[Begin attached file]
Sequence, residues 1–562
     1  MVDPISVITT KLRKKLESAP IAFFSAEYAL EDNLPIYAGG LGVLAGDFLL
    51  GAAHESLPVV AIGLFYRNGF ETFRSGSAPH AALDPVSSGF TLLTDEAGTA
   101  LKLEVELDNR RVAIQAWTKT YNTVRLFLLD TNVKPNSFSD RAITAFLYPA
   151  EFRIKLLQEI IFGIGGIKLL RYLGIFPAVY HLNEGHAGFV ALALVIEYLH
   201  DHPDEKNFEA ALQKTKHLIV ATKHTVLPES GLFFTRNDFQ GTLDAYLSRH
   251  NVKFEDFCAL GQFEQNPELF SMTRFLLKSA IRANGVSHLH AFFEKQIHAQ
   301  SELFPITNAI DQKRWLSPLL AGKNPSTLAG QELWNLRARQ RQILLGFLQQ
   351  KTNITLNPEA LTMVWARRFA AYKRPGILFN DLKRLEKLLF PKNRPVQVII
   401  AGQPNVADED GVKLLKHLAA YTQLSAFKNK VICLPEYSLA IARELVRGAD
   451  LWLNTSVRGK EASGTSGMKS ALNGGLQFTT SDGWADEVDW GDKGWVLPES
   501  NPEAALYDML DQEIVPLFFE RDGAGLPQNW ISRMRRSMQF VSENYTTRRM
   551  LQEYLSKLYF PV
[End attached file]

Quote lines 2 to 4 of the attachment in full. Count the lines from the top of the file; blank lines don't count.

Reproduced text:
     1  MVDPISVITT KLRKKLESAP IAFFSAEYAL EDNLPIYAGG LGVLAGDFLL
    51  GAAHESLPVV AIGLFYRNGF ETFRSGSAPH AALDPVSSGF TLLTDEAGTA
   101  LKLEVELDNR RVAIQAWTKT YNTVRLFLLD TNVKPNSFSD RAITAFLYPA